- Bridgeland Road (feat. Michaela Coel)
- U Get Me? (feat. Ghetts)
- Brother’s Keeper
- Amplify (feat. DarkoVibes)
- Everyone’s A Hypocrite
- Case Closed
- Revenge Ain’t Sweet
- Alright (feat. Kierra Sheard)
- Suits and Shirts (feat. Kae Kurd)
The Village is On Fire
Allo Mate Records
he has created a body of work which brings together his diverse worlds in one powerful, harrowing and uplifting listen.
The Village Is On Fire, his tenth studio album, is his richest and most rewarding work to date. Against a soundscape that evokes London in all its agony and glory - a seamless blend of soul, house, grime, Afrobeats and more - he grapples with the aftermath of an unprovoked and racially motivated attack. On that fateful morning of 24 August 2021, Guvna B suddenly had hot coffee thrown over him and was punched in the face. After a few months of looking for his assailant, the police eventually closed the investigation due to a lack of leads. This incident tears away his confidence and forces him to face the world not as Guvna B, the confident and prominent social commentator, but as Isaac Borquaye, the sensitive and thoughtful son of Ghanaian immigrants. Yet this supreme test of character is one at which Guvna B excels: since the greatest strength of his work, whether he is scribbling alone in his notebook or onstage in front of a roaring crowd, is to explore what it means to be vulnerable. It is easy to list his achievements.
There is his chart-topping single “Massive”, an ode to his beloved West Ham United; there is his remarkable podcast about grief that he launched following the death of his father, The Loss Tapes; and there is Unspoken, his bestselling memoir and meditation on masculinity that was praised by George the Poet and Benjamin Zephaniah. Yet it is harder to express the impact that he has had on the community that he has served for most of his adult life. That is because for the numerous prizes that he has won, Guvna B has achieved something that goes beyond mere trophies. He is one of the few MCs who has managed to bring together the disparate worlds of gospel and grime: he is one of the architects of the bridge that artists such as Stormzy walk across with joy. Like Stormzy, too, his work pays homage to the genres and the greats who came up before or alongside him. Indeed, The Village Is On Fire is maybe best understood as a sibling to Kano’s sublime Hoodies All Summer. That is to say, a record which does not preach to its East London neighbourhood about its dangers and challenges, but which instead invites those surroundings to join a conversation, and even to sing a hymn in their honour.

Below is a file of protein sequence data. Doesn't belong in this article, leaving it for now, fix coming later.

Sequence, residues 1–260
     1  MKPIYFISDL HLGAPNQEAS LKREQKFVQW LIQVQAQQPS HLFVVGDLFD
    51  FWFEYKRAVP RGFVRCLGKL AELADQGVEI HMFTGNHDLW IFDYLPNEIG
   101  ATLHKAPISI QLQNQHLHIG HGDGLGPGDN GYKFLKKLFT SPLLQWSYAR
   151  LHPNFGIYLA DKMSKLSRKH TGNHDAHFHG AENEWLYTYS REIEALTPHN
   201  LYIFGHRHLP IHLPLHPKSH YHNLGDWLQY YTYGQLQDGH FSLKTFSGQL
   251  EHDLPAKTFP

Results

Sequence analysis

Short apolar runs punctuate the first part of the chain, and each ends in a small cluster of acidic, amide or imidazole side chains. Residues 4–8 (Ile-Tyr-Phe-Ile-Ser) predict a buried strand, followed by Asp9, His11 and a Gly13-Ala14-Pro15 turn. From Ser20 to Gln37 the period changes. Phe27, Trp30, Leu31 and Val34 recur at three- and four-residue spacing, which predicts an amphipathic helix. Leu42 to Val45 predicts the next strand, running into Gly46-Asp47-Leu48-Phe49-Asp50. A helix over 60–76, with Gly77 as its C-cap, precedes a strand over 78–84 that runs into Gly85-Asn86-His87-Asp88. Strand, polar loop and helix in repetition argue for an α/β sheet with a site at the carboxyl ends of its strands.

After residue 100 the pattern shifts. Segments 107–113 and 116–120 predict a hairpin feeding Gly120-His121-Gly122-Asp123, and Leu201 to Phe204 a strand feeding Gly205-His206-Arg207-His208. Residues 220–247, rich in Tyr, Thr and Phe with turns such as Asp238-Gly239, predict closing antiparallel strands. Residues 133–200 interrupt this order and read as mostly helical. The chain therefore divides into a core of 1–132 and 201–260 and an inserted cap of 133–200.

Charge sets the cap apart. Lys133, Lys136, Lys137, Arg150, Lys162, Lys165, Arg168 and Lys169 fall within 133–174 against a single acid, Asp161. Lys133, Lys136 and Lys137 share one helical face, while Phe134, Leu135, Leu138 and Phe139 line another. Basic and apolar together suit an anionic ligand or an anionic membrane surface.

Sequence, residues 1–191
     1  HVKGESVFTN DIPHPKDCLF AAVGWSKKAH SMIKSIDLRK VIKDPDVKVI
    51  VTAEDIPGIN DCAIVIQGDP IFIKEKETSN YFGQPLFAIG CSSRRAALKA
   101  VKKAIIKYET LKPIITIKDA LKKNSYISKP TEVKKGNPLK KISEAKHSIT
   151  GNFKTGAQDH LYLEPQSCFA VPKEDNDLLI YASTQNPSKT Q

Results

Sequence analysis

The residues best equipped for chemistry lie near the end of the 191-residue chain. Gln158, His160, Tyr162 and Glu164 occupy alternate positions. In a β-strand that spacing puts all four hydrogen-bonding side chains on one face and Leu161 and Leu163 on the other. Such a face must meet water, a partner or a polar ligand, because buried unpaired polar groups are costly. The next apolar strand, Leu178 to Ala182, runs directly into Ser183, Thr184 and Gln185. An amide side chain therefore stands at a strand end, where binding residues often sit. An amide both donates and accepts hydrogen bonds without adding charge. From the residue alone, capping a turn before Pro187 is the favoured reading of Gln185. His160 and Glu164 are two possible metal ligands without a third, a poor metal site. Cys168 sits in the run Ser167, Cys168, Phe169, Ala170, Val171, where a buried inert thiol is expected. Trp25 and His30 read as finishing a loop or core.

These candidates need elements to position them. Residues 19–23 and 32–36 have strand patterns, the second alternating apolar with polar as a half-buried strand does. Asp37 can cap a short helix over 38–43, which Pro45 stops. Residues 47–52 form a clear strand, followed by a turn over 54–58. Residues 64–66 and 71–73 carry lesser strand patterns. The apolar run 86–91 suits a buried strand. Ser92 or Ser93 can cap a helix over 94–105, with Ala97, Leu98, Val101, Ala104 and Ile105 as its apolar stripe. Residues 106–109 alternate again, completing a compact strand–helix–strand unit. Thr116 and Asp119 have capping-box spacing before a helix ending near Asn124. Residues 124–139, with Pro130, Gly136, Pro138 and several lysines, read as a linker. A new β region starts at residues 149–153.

This is what makes Guvna B special: he seeks an ever-closer relationship with the area that raised him, even as it might sometimes cause him trauma. While most people flee the places - either emotional or physical - that have brought them the greatest pain, Guvna B composes his best work when he returns time and again to the site of suffering, refusing to let that setback define him. That desire and ability to find beauty in life’s ugliest phases is what sets him apart. In his latest work, too, his craft has been honed to its highest level yet: one which sees him collaborate comfortably with artists as distinguished as Ghetts, Michaela Coel, Darkovibes and Grammy-nominated singer-songwriter Kierra Sheard. In an often chaotic and transient world, where society is being ravaged by the cost of living crisis, Guvna B’s music enjoys a rare status: that of the anchor, the object that despite the turmoil around it will not shift. That status can only come after years of experience, dedication and sacrifice, but now Guvna B is finally here in his most accomplished form.
This refinement and resilience is at the core of his very finest work to date: and, considering all of the compelling art that he has released prior to this signature album, that is cause for the greatest excitement.